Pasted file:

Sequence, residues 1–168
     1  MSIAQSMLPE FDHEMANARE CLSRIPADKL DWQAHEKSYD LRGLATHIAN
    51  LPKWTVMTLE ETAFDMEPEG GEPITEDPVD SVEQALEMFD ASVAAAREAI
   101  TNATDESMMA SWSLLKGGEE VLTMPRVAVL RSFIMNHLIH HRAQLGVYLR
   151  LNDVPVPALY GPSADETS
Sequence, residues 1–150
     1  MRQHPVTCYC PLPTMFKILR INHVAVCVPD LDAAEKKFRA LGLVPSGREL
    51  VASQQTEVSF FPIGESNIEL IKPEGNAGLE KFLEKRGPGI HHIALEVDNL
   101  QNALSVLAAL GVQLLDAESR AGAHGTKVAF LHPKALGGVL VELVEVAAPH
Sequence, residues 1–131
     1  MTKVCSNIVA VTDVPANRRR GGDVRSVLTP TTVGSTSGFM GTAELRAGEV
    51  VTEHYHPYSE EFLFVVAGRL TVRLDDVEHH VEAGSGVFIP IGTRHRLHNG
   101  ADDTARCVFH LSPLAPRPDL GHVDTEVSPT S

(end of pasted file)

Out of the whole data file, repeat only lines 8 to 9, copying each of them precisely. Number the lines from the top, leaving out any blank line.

    51  VASQQTEVSF FPIGESNIEL IKPEGNAGLE KFLEKRGPGI HHIALEVDNL
   101  QNALSVLAAL GVQLLDAESR AGAHGTKVAF LHPKALGGVL VELVEVAAPH